95.8-degrees test Results
The 95.8 degrees test measured the angle
between the markers on the rotating plate. The known angle between the plate markers
was 95.8 degrees. These results are presented in Table 3.
This measurement is probably the most
sensitive to errors since 3 markers are involved. Any movement in any of the
individual marker will significantly affect the angle. In addition, these 3 markers
were obscured from any camera at least 50 percent of the time. This means that the
power of the DLT was measured to see how systems can cope with this effect.
The APAS system utilized a powerful DLT
algorithm with a PPT algorithm, which represent linear and non-linear Direct Linear
Transformation. Therefore, the APAS system was the top performer for this
test. Note as well, that the RMS and the maximum errors recorded were the lowest for
the APAS system.
Slide 15. Angle measurement from Top Plate Markers.
Table 3. 95.8 Degrees
test from the top plate markers.
illustrates the average measured angle between the plate markers. The Motion
Analysis system measured the average the closest. The APAS recorded the second
closest score. However, when measuring the maximum error in estimating the angle,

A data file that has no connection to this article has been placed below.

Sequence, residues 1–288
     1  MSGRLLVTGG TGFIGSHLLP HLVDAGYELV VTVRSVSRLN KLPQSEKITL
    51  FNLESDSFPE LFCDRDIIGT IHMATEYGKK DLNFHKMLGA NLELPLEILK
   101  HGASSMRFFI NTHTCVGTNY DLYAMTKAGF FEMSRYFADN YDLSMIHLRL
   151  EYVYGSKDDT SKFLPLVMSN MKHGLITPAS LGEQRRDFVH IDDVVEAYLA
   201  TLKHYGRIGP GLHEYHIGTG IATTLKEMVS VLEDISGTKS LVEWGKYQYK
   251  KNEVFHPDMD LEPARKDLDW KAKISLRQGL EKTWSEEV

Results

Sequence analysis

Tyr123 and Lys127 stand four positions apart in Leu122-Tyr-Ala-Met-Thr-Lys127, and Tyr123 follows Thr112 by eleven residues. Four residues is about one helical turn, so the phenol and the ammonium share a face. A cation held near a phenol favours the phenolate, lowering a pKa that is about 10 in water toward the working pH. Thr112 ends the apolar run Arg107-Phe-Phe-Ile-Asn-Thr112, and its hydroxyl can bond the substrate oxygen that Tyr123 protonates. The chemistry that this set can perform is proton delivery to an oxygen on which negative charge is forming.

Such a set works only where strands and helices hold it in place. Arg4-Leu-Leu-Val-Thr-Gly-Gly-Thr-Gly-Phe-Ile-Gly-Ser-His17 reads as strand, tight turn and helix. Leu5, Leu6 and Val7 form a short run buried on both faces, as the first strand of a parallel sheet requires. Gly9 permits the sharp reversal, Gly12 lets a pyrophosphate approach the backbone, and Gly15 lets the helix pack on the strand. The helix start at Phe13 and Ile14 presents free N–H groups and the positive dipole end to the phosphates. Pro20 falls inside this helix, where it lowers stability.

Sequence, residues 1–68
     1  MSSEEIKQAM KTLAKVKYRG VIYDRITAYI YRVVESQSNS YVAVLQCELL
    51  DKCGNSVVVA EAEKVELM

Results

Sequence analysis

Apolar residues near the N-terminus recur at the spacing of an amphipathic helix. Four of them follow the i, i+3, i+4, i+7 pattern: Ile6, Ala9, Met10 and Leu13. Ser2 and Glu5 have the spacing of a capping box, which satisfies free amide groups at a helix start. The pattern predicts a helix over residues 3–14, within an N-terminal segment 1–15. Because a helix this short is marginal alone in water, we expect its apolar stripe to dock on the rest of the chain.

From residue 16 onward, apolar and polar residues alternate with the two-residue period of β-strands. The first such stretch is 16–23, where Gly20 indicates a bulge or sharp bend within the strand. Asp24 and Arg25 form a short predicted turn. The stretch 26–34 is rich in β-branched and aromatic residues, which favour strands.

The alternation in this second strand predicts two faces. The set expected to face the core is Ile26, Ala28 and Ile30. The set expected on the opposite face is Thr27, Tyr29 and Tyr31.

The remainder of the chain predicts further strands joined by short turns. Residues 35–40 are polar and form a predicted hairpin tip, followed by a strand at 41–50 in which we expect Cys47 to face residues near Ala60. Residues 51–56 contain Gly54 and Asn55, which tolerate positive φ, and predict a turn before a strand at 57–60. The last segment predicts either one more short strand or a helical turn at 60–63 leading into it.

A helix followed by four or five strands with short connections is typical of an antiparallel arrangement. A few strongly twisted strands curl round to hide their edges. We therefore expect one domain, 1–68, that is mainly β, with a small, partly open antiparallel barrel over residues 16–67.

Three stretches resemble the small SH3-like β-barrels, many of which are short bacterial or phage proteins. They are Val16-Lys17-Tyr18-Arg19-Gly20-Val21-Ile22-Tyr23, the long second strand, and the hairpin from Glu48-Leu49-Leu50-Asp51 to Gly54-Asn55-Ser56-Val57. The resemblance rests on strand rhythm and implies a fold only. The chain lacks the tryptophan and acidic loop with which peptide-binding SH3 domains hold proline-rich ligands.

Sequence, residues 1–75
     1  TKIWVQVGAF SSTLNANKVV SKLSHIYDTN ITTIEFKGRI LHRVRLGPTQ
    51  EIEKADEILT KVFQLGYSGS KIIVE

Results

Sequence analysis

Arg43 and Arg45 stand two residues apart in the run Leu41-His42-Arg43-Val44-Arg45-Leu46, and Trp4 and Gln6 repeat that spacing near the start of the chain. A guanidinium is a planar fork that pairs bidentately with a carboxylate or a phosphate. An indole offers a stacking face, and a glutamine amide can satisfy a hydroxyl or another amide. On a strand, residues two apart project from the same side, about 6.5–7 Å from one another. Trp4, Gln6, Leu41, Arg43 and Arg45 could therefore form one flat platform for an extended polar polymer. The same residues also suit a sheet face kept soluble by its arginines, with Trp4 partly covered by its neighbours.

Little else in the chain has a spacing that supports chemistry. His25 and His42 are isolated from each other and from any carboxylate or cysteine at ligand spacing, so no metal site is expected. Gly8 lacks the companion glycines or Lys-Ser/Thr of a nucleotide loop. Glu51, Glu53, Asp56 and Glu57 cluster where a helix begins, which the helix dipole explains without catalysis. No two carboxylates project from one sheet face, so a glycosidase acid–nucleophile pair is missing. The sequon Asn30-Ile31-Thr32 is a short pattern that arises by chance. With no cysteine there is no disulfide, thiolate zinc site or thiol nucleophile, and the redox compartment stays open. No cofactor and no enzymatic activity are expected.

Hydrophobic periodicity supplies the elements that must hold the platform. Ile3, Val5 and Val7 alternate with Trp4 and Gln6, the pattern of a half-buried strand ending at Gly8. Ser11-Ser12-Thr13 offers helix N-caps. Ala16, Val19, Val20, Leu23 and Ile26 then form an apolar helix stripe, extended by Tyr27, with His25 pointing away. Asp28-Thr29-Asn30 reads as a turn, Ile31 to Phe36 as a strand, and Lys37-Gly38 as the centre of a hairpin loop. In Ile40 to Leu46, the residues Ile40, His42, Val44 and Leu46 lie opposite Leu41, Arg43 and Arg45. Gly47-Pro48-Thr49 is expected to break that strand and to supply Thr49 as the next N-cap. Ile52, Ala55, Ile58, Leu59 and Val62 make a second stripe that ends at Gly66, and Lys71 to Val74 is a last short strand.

the APAS scored the highest with an RMS error of 1.2 degrees. Although the Motion
Analysis system had the best average with 95.1 degrees, the maximum error amounted to more
than 7 degrees. The APAS system's calculated average with 95.1 degrees had as it's
maximum error only 2.9 degrees. When combining the average error with the RMS
error, the APAS system scored the best with 4.1 degrees total error with the next
equipment being Vicon with 6 degrees.
The largest error recorded
was the Qualisys with 23.7 degrees and Peak with a 16.4 degree error. If
consideration is given to the switching point problem previously mentioned, this error
would increase by an order of magnitude and raise questions among researchers as to the
appropriateness of these equipment choices for serious research.
Slide 16. Average Measured Angle between Plate Markers.
The APAS system
performed remarkably well on this test. This test happened to be very crucial since
it had to detect 3 markers on a rotating plate. This situation would never occur in normal
human movement but the APAS system was amazingly accurate in determine the angle.
Other companies produced as much as 23 degree errors. This measure was particularly
useful in demonstrating the superiority of the APAS system over the other systems.
Of particular interest, was the poor performances by the Peak, Qualisys, and Vicon
Slide 17. RMS Error from Plate Angle Measures.
Slide 18. Maximum Error from Plate Angle Measures.
system performed fantastically well when compared to all other companies. When
the dollar value of the APAS system is included in the evaluations criteria, clearly the
APAS is in a class by itself. (This remarkable APAS system, including hardware and
software, is available for only $10,000).